The most extreme, and most troubling, imbalance in the world system today concerns the private sector financial deficit in the United States. The private sector in this regard is defined to include both corporations and households, and its financial deficit is the difference between income and expenditure - ie free cash flow. By definition, the sum total of the financial deficit of the private sector and the government taken together is equal to the balance of payments deficit.

In most economies in the post-war era, the private sector has typically run a financial surplus in order to build up its stock of assets. Usually, these private sector surpluses have been matched by similar sized government deficits, and balance of payments positions have therefore been roughly in equilibrium.

The present situation in the US is, however, very different. Over the past few years, private expenditure has risen much more rapidly than private income, so the financial deficit of the private sector has risen to all- time record levels.

With the government having eliminated its own budget deficit, the private deficit has, of course, triggered an equally large amount of red ink in the balance of payments statistics.

Put simply, Americans have been spending more than they earn, driving the trade figures into deficit. This imbalance has in turn been financed by foreigners acquiring a mountain of American assets.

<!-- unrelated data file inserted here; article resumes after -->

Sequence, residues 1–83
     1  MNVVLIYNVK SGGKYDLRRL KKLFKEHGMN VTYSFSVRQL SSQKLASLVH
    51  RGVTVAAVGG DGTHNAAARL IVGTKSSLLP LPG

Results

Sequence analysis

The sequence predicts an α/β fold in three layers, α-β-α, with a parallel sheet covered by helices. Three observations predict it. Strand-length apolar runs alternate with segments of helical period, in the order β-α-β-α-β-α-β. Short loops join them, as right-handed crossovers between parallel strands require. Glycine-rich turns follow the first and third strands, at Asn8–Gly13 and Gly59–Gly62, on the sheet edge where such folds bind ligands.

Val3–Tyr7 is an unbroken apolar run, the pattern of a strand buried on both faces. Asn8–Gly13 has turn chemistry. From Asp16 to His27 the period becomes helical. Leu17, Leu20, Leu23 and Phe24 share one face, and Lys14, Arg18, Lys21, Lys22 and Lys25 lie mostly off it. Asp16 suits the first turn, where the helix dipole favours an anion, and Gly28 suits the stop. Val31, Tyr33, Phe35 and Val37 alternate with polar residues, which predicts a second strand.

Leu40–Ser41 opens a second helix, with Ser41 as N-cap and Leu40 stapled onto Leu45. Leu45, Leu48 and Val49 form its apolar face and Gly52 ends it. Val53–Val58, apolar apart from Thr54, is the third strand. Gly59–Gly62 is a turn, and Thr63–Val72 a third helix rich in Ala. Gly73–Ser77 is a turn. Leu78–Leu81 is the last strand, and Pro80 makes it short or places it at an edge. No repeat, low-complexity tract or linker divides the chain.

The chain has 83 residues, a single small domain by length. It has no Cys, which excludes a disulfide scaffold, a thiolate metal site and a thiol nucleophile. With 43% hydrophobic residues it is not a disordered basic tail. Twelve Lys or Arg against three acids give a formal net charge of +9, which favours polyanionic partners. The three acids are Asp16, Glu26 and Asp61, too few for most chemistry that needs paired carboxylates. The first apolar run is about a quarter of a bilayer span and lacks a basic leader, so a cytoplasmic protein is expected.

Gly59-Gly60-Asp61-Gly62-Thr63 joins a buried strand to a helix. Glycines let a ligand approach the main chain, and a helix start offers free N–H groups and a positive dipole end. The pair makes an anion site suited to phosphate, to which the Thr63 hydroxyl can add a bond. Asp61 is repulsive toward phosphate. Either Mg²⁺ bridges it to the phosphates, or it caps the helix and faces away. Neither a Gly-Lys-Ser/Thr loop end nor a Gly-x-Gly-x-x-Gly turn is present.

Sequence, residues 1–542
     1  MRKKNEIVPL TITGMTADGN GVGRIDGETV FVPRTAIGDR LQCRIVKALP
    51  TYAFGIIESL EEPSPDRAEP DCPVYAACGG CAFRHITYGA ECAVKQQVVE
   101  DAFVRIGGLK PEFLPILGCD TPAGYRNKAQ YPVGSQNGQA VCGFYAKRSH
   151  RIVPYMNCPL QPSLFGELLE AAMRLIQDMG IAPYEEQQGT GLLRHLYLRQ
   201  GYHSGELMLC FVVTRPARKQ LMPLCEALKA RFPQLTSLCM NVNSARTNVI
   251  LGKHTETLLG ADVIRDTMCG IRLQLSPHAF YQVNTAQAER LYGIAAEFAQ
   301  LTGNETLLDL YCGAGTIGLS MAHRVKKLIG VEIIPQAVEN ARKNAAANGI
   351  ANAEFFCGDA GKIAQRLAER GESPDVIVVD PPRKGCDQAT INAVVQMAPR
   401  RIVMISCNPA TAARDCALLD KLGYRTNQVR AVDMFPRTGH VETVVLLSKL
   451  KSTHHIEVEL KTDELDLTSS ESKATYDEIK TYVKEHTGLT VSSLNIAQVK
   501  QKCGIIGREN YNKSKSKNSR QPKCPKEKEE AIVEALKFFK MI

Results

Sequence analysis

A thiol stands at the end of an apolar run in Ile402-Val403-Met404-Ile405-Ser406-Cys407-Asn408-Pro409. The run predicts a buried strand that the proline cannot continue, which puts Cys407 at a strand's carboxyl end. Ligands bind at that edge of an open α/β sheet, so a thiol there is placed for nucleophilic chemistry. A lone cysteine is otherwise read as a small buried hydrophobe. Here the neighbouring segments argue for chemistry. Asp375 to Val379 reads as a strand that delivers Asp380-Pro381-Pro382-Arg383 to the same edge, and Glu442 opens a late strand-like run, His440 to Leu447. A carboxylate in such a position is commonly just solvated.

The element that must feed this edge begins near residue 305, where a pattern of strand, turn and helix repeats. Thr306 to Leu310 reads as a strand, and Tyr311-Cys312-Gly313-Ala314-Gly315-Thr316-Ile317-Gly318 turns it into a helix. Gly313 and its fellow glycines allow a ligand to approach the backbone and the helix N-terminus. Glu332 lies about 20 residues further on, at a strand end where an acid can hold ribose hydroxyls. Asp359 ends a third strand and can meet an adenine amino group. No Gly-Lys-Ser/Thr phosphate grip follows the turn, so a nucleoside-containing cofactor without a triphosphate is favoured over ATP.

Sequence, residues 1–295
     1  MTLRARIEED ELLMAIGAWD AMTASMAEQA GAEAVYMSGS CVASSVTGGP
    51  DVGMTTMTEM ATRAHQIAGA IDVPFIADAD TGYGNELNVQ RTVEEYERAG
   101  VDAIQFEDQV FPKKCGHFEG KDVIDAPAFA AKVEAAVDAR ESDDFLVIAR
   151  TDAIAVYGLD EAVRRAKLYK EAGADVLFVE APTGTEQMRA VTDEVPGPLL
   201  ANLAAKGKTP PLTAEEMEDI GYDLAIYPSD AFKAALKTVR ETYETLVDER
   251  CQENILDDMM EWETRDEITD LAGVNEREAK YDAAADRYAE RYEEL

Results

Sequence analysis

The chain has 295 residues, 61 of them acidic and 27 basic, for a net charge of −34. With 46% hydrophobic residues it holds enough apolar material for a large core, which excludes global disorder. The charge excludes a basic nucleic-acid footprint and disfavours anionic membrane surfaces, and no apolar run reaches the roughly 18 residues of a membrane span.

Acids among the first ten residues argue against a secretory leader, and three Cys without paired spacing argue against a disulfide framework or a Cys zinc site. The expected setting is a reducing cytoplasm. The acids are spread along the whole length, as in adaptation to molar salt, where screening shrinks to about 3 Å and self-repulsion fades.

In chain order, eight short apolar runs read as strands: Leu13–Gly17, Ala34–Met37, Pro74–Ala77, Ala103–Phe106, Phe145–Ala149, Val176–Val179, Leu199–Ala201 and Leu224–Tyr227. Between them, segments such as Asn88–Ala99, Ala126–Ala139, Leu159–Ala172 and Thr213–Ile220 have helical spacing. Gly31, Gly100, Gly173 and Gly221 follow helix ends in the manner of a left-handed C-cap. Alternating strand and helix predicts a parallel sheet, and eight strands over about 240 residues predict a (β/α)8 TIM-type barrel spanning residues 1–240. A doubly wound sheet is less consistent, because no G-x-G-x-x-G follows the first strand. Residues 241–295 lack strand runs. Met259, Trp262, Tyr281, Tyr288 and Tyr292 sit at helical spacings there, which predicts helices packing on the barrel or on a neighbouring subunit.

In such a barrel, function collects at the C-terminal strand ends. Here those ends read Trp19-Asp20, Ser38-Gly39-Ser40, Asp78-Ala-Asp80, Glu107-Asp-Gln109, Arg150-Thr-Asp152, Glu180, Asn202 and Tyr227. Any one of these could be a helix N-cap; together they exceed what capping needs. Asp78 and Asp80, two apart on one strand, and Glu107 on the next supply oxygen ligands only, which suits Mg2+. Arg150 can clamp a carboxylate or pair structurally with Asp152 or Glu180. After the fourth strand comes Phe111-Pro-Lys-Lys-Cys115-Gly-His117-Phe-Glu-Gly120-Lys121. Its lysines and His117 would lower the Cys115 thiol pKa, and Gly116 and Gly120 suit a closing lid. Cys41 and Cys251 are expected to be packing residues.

So far, these developments have protected the world from a major recession. To illustrate how important this has been, a sudden elimination of the US private sector deficit would impart a negative shock to global GDP of something close to 2 per cent (including multiplier effects).

Still worse, in a crisis situation the US private sector might well decide to shift back into substantial financial surplus, in which case the shock effect might reach a remarkable 4 per cent of global GDP. This is far and away the largest accident that is waiting to happen to the world economy.

But this certainly does not mean that it must happen, not this year at least. As early as 1994, American households were already running a record financial deficit, with pessimists warning even then that it would not prove sustainable.

But in the ensuing four years, the deficit has more than doubled, without any ill-effects so far. Furthermore, there are some economists who would argue that the private sector deficit is a natural consequence of the government sector moving into surplus, since the elimination of the budget deficit will reduce the expected level of taxation.